Praying the Mystics

Maybe the point I’m about to make is an obvious one. Since I am a “bear of little brain,” sometimes obvious ideas aren’t so evident to me. So if this seems like a no-brainer, consider the source…

The idea in question came to me last night. Wouldn’t it make sense when reading the mystics — Julian of Norwich, John of the Cross, Teresa of Avila, Walter Hilton, Hildegard of Bingen, Meister Eckhart, Evelyn Underhill, Gregory Palamas, The Cloud of Unknowing, and so forth — to read them as an act of prayer? Really this is just lectio divina, but perhaps a more compressed approach to lectio: rather than worry about the method of lectio (reading with an openness to receiving the word, and then engaging in meditative reflection, verbal orison, and finally wordless contemplation) just do it — just open the book, and read. Slowly. Begin with “Dear God,” and end with “Amen.” As for the other steps in the lectio process, we simply can be open to the spirit’s leading: sometimes praying the writings of the great mystics will lead naturally to meditation, verbal prayer and contemplation, while other times the reading/praying experience will be full and complete in itself. It’s all about just being open to the Spirit’s leading.

In other words, the idea of “studying the mystics” basically is a non-starter. We do not study the mystics. We pray through them. Well, I guess if you’re taking a college course you’re studying the mystics. But even that can be handled in a prayerful way.

Print Friendly

  • http://qarrtsiluni.com qarrtsiluni

    Actually, I try to read *everything* that way, but really only succeed with poetry. It can be a very interesting exercise – mind-altering at least in the way that hearing an oral performance can be. Seeing may be believing – of a sort – but hearing is understanding.

  • Peter

    Darrell,

    I find applying Lectio Divina to the reading of the mystics (or the poets, or the great writers of literature) to be a great idea, well worth the attempt.
    I have just one caveat or word of caution:
    Without entering a fruitless argument about relative degrees of inspiration, I think we would all agree that “not all mystical writing is created equal.” For example, you have expressed a preference for the kind of gnosticism that affirms the physical creation over the kind that denies or minimizes it. I agree with that preference! So I would not be able to apply Lectio Divina (which implies receptivity to the content of the reading) equally to all the mystics, perhaps not even to all on you brief list (all of which is certainly worth reading!).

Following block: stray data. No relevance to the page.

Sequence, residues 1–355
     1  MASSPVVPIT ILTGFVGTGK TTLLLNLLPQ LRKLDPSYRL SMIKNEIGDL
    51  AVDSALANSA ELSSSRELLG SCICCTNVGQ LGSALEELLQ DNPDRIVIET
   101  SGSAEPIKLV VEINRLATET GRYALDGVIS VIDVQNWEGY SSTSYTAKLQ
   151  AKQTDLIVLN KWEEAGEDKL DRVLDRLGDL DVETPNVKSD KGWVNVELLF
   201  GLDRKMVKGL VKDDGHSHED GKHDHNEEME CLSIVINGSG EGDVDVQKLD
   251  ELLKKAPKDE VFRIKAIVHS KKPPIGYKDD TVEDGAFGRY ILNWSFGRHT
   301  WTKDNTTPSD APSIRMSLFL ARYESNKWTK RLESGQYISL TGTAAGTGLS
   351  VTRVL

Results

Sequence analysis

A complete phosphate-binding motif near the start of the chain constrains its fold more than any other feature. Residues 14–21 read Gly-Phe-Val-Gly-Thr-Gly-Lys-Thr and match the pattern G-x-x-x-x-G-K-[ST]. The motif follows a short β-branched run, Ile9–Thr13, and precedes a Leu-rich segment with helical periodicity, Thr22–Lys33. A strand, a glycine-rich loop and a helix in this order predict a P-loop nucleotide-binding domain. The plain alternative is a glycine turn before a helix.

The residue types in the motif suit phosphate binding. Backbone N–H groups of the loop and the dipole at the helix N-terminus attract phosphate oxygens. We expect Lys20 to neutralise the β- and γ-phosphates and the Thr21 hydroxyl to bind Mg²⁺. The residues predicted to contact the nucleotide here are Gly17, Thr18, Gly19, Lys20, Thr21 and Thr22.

With this caveat in mind, I think that we can read the mystics receptively and openly as a form of prayer according to your suggestion. One I would follow without any question is Julian. There are others too. The point of Lectio Divina is to be impressed and changed by what we are reading. We have the right and responsiblity to discern and choose who and what we will allow ourselves to be changed by.

    Blessings,
    Peter

  • http://rhapsodysinger.instablogs.com/ Rhapsody Singer

    I agree with all three of you totally. I have tried hard to pray but nothing really happens. But reading J.of Norwich etc. and Sri Ramakrishna and Ramana Maharish have hepled me to calm down to the point of being able to take deep breaths. Prayer still a far cry…
    At this point I might add that I am a married, 30 yr old Brahmin Hindu residing in interior small-town India. I immensely love three Catholic mystics — St Catherine of Siena, Juliana of Norwich and Ignatius of Loyola ( though most would never think of the last as a mystic).
    I must also declare that I will never convert but feel drawn to the spirituality of St. Benedict and silence. this is a nice blog u have here. Om Shantih.

  • http://users.rio.com/bamm/2elders 2 elders

    a simple booklette on THE JESUS PRAYER!

    The Orthodox world – and beyond – is acquainted
    with the justly famous and righteous Elder Joseph the Hesychast,
    who reposed on the Holy Mountain in 1959. Less known outside Russia is
    Archbishop Golinsky-Michaelovsky, who was another
    committed practioner and teacher of The Jesus Prayer.
    The English Language Editor was Fr. Ambrose (Young) and the
    Publisher was The Skete of the Entrance of the
    Theotokos into the Temple
    in Haysville, Ohio.

    journey HERE for a preview!


CLOSE | X

HIDE | X